Bessa painted the originals for one of the most important French periodicals of the period—Jean Claude Michel Mordant de Launay (1750–1816) and Jean Louis Auguste Loiseleur-Deslongchamps (1775–1849), Herbier Général de l'Amateur (Paris, Audot, [1810–]1816–1827)—depicting in watercolor on vellum 572 rare and new plants growing in the gardens of Paris. During his career Bessa contributed illustrations to many important works on botanical subjects, either as the sole artist or alongside some of the best of the time, including the Redouté brothers. The first publication Bessa solely illustrated was his Fleurs et Fruits: Gravés et Coloriés sur les Peintures Aquarelles Faites d'après Nature (Paris, 1808). Among the publications to which Bessa was a contributor are François André Michaux (1770–1855), Histoire des Arbres Forestiers de l'Amerique Septentrionale (Paris, Haussmann & d'Hautel, 1810–1813); Aimé Bonpland (1773–1858), Description des Plantes Rares Cultivées à Malmaison et à Navarre (Paris, Didot, [1812–]1813[–1817]); and Henri Louis Duhamel du Monceau (1700–1782), Traité des Arbres et Arbustes que l'on Cultive en France (title pages vary; Paris, Didot, [1800–]1801–1819), all in the Library collection at the Hunt Institute. His botanical and zoological paintings were engraved for the natural history collections resulting from Napoléon Bonaparte's Egyptian campaign, Description de l'Égypte (Paris, 1809–1828), and he also contributed zoological works on the subject of mollusks to André-Etienne-Just-Pascal-Joseph-François d'Audebard Férussac (1786–1836), Histoire Naturelle Générale et Particulière des Mollusques Terrestres et Fluviatiles ... (Paris, 1819–1851). Bessa was also a sought after artist for smaller flower books, publications directed at a well-bred feminine audience and which often included poetry and prose alongside botanically themed imagery. These included works by Charles Malo (1790–1871), such as Guirlande de Flore (Paris, Louis Janet Libraire, 1814–?1818) and Histoire des Roses (Paris, Louis Janet Libraire, 1818); Charles Louis Mollevaut (1776–1844), Les Fleurs: Poëm en Quatre Chants (Paris, Chez A. Bertrand, 1818); and Louis-Aimé Martin (1786–1847), Lettres à Sophie sur la Physique, la Chimie, et l'Histoire Naturelle, nouvelle édition, corrigée et augmentée (Paris, Chez Lefèvre, 1822).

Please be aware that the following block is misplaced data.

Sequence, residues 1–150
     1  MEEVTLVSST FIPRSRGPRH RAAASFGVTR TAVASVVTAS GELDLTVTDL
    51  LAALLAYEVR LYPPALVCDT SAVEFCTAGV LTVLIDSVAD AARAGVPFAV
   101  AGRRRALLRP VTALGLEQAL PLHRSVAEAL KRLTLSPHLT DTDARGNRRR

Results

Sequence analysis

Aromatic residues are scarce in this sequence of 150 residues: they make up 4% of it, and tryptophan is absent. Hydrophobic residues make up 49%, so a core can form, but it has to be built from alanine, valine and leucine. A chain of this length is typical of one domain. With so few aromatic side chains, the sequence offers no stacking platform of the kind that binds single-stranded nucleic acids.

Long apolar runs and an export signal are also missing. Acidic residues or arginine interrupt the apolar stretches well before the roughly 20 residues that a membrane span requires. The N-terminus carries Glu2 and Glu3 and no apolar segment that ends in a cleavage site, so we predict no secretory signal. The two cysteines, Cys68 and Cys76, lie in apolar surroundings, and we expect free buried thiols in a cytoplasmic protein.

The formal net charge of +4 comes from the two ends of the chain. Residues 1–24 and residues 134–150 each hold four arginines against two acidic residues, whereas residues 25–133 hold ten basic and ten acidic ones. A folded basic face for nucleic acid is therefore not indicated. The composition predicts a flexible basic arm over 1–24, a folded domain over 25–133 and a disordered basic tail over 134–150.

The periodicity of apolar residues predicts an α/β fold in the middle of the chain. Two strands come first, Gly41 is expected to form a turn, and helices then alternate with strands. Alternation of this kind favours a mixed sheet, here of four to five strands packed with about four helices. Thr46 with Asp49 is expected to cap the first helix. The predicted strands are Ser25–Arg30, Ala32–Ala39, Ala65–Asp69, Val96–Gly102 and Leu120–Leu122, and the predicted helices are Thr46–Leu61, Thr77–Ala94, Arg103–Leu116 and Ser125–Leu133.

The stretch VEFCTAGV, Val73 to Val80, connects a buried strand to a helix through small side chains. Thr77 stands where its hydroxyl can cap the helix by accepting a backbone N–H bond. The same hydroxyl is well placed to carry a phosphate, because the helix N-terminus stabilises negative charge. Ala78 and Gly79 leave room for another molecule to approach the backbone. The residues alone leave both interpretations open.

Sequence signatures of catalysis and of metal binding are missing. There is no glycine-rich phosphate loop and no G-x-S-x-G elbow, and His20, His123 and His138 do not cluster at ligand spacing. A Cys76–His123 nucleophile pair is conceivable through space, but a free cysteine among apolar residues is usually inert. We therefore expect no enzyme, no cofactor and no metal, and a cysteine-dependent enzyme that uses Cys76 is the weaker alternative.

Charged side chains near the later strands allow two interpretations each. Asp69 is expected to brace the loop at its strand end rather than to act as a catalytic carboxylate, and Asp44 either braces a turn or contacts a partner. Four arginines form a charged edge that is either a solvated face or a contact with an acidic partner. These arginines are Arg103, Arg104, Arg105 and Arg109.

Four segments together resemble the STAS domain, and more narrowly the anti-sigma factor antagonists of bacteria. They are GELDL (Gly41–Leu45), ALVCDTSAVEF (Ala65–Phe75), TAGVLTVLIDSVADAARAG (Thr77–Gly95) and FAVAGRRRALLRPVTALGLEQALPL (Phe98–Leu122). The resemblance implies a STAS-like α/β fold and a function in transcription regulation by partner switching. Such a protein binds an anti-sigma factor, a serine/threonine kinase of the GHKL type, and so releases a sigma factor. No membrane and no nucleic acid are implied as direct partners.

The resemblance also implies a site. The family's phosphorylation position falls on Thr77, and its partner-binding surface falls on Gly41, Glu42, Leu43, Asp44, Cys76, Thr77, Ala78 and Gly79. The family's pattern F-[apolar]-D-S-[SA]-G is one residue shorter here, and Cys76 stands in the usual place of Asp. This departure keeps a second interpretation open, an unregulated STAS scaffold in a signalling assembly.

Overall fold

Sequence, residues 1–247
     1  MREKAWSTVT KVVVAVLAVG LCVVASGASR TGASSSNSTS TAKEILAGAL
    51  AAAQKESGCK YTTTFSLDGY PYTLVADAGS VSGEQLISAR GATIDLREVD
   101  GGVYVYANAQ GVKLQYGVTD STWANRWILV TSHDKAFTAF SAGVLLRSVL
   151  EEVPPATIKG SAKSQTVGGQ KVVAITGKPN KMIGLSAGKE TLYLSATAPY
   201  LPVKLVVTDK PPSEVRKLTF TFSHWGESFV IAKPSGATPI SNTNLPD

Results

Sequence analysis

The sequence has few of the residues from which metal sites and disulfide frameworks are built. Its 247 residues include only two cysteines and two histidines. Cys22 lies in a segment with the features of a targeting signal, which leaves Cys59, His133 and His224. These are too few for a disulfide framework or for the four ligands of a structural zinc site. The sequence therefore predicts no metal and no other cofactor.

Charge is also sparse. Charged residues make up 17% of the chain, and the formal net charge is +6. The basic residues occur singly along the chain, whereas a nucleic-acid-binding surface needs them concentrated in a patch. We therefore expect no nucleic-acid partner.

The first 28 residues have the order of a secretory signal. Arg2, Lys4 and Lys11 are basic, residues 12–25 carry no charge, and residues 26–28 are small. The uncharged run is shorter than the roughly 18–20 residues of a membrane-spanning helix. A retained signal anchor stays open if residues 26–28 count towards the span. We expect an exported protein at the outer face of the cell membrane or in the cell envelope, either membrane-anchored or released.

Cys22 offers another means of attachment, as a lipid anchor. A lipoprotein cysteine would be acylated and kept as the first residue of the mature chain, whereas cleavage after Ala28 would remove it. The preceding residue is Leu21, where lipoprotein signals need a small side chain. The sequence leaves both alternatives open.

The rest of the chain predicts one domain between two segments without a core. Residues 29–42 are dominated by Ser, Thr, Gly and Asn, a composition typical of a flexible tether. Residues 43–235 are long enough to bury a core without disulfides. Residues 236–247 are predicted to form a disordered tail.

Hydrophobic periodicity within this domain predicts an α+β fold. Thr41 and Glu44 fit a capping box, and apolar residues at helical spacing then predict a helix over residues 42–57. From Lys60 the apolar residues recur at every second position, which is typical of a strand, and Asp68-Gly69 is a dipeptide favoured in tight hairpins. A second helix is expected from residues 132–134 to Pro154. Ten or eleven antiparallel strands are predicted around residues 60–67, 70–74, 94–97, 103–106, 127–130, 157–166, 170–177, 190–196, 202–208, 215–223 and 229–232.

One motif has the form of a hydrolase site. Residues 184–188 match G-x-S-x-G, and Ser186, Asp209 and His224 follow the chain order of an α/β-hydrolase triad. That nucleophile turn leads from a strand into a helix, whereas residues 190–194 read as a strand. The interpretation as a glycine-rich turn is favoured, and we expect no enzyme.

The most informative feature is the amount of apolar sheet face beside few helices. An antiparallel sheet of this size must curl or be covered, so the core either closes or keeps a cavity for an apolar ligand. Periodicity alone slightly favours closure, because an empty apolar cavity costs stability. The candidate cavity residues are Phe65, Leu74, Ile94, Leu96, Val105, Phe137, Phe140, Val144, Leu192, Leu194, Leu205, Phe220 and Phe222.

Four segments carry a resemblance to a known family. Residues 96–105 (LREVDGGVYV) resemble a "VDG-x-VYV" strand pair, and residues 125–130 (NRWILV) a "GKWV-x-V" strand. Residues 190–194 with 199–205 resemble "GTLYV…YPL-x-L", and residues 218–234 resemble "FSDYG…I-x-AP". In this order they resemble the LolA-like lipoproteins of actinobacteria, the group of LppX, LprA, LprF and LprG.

Bessa was also a teacher of flower painting, and one of his pupils was also his patroness—Marie Caroline Ferdinande Louise, duchesse de Berry (1798–1870), a patroness of the arts. She appointed Pancrace Bessa her painter of flowers in 1816, the year she married Charles Ferdinand, duc de Berry (son of Charles X). On 3 April 1820 she began taking painting lessons with Bessa, and she so admired his talent that Charles X (1757–1836) gave Bessa's original paintings for Herbier Général de l'Amateur to the duchesse for a new year's gift in 1826. During the July Revolution in 1830, Charles X went into exile, and the duchesse also left France, returning to her family home in Naples. The duchesse most likely gave the Bessa paintings to her sister Teresa Christina Maria de Bourbon, princess of the two Sicilies (1822–1889), for safekeeping. After their original purchase in 1826, this collection of Bessa's watercolors began a convoluted journey from France to Brazil—via the duchesse de Berry's sister, the second empress of Brazil; two directors of the botanical garden of Rio de Janeiro; and a director's daughter—to their eventual international dispersal at an auction in 1947 in the United States.